Photo Credit: Yossi Zeliger/Flash90
Ukrainian Jews board a flight to Israel at the Chisinau International Airport in Moldova, March 17, 2022.

On Friday, the UN Special Committee on Decolonization approved the draft resolution titled “Israeli practices affecting the human rights of the Palestinian people in the Occupied Palestinian Territory, including East Jerusalem,” and decided to request the International Court of Justice in the Hague to “render urgently an advisory opinion on the legal consequences arising from the ongoing violation by Israel of the right of the Palestinian people to self-determination, from its prolonged occupation, settlement, and annexation of the Palestinian territory occupied since 1967.”

It’s par for the course, naturally, it’s what the UN does. But one country that voted with the majority against Israel stood out: Ukraine. After close to a year of receiving lavish aid from the Jewish State, including a full field hospital and medical and defensive supplies, and months of harassing Israel with demands for the Iron Dome defense system and whatnot. Perhaps we should keep their treasonous behavior next time we are asked to feel sorry for the grandchildren of the murderers of our grandparents.


Meanwhile, the Ambassador of Ukraine to Israel Yevgen Korniychuk complained to Haaretz that the number of Ukrainians who were refused entry to Israel has increased since the High Court of Justice’s ruling that canceled Interior Minister Ayelet Shaked’s entry quotas. The court ruled that the exemption authorizing entry for citizens of Ukraine, which allows them to stay in the country for three months without obtaining a permit in advance, also applies to those who fled their country due to the fighting.

Korniychuk told Haaretz that “if in the past, only citizens who were perceived as ‘suspicious’ were questioned at the airport, now every Ukrainian citizen, without exception, is questioned.”

He added that a few weeks ago, Ukraine sent a letter of protest on the subject to the Ministry of Foreign Affairs, saying it sees this “as an unfriendly move on Israel’s part.”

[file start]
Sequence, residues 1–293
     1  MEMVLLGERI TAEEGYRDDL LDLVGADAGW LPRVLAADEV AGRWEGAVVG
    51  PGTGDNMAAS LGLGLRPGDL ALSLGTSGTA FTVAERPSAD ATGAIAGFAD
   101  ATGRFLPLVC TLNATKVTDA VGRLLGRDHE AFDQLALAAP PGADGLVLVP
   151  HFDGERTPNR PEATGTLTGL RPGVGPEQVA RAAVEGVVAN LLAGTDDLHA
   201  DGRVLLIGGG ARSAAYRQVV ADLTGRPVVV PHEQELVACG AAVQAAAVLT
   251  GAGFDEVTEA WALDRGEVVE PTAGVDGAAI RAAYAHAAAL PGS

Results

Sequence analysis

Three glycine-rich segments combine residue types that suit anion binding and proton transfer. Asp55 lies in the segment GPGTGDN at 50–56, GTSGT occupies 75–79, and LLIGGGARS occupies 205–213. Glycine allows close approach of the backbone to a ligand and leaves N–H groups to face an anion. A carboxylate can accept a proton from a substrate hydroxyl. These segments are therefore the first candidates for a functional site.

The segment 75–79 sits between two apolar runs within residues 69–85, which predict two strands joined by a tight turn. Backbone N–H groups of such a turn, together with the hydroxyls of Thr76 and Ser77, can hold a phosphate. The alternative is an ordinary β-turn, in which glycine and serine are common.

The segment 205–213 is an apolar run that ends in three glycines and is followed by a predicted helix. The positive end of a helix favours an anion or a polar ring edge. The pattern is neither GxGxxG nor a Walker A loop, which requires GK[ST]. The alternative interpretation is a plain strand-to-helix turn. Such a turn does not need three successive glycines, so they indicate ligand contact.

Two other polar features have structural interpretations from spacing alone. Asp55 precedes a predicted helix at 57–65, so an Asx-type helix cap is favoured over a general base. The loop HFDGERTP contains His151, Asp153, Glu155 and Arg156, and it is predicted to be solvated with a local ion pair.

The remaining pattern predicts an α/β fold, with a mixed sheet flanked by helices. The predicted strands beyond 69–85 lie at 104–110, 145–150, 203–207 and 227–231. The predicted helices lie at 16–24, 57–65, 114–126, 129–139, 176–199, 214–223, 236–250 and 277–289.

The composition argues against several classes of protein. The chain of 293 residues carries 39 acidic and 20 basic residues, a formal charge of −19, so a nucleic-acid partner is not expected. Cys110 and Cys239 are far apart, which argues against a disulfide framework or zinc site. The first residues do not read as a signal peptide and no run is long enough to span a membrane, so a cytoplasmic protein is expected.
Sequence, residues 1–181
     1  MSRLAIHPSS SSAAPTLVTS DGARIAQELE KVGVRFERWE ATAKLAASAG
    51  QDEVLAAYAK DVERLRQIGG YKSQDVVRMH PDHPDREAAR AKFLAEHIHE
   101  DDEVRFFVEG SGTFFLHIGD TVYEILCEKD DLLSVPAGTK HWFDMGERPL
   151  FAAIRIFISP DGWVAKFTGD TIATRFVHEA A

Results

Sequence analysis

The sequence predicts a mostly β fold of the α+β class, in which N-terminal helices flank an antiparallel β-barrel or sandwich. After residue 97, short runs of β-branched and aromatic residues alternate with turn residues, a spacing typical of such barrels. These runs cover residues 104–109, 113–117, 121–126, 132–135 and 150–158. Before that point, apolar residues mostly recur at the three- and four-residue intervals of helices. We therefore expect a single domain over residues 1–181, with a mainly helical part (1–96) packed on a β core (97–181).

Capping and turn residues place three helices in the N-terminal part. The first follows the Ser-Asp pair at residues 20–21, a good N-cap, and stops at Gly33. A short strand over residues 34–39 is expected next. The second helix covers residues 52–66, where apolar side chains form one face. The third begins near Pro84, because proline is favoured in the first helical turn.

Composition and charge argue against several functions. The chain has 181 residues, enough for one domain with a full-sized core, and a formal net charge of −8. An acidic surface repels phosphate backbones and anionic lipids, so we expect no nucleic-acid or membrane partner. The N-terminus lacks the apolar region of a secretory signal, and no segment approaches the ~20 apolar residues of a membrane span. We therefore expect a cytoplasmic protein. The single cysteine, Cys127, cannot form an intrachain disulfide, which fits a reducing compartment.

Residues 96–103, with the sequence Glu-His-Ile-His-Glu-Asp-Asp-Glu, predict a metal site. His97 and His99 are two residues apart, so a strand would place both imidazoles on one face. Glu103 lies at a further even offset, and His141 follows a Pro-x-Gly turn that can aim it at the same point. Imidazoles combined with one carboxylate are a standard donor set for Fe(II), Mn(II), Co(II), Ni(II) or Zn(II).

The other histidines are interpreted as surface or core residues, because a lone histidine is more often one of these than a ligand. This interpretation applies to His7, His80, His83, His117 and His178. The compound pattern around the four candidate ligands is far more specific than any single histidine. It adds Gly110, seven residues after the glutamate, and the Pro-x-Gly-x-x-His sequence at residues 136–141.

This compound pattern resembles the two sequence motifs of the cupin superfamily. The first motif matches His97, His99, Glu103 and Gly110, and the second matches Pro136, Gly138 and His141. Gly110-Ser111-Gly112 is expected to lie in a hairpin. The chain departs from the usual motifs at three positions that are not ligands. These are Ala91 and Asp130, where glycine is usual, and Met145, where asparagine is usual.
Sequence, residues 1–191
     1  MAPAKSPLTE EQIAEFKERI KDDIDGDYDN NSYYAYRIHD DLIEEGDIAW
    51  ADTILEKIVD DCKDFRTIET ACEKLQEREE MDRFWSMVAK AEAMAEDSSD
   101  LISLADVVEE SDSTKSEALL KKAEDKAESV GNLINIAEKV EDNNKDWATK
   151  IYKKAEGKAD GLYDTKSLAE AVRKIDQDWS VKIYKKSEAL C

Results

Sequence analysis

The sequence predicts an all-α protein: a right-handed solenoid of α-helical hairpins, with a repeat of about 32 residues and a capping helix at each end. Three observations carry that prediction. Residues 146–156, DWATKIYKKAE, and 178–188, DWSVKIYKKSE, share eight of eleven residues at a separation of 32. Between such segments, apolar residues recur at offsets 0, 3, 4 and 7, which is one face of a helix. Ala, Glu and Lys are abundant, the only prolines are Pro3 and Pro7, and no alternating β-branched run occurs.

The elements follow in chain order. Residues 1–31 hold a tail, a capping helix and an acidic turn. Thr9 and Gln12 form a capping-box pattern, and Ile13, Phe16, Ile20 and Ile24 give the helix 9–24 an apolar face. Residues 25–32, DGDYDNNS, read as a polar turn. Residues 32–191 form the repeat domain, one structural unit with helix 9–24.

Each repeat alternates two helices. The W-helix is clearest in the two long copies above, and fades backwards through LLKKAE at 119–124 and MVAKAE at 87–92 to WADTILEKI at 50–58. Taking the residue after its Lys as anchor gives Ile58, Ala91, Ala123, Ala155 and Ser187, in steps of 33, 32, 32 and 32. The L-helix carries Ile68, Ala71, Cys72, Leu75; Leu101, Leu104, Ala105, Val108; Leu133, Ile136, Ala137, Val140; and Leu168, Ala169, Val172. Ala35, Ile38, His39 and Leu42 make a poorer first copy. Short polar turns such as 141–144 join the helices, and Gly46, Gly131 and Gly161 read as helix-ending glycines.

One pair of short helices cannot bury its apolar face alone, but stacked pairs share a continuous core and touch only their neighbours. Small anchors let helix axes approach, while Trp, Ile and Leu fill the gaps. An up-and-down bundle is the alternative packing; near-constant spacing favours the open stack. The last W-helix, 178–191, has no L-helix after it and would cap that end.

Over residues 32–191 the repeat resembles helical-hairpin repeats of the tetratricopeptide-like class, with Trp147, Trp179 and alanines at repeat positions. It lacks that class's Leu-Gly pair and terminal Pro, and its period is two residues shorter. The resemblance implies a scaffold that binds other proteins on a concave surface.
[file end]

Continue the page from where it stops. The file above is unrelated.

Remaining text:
During the first five months of the war, 26,747 Ukrainians entered Israel, and 350 were refused, compared with 32,453 Ukrainians who entered Israel in the four months since the court’s verdict, and 900 who were refused.

Since the beginning of the war, 13,784 olim came to Israel from Ukraine under the Law of Return. In addition, 14,609 Ukrainians are living in Israel who are not entitled to citizenship under the Law of Return. According to the Ministry of Social Welfare, this month there has been an increase in the daily entry of Ukrainians to Israel, which today stands at 217.

That’s 1,519 Ukrainians a week, 6,510 Ukrainians a month, and 79,205 Ukrainians a year. Assuming fewer of these Ukrainians will qualify under the Law of Return as time goes by, Israel may be looking at a new, gentile community of more than 50,000 illegals, each one of whom would be difficult to send home, especially since they are sure to name their children Yossi and Inbal and send them to Israeli public schools.

According to the Haaretz report, most of the non-Jewish Ukrainians live in Bat Yam (654), Haifa (539), Ashkelon (526), Petah Tikvah (507), and Netanya (491). 3,812 receive full health benefits, and 10,024 receive food assistance.

They should all consider that when they vote next time to send Israel to criminal court.


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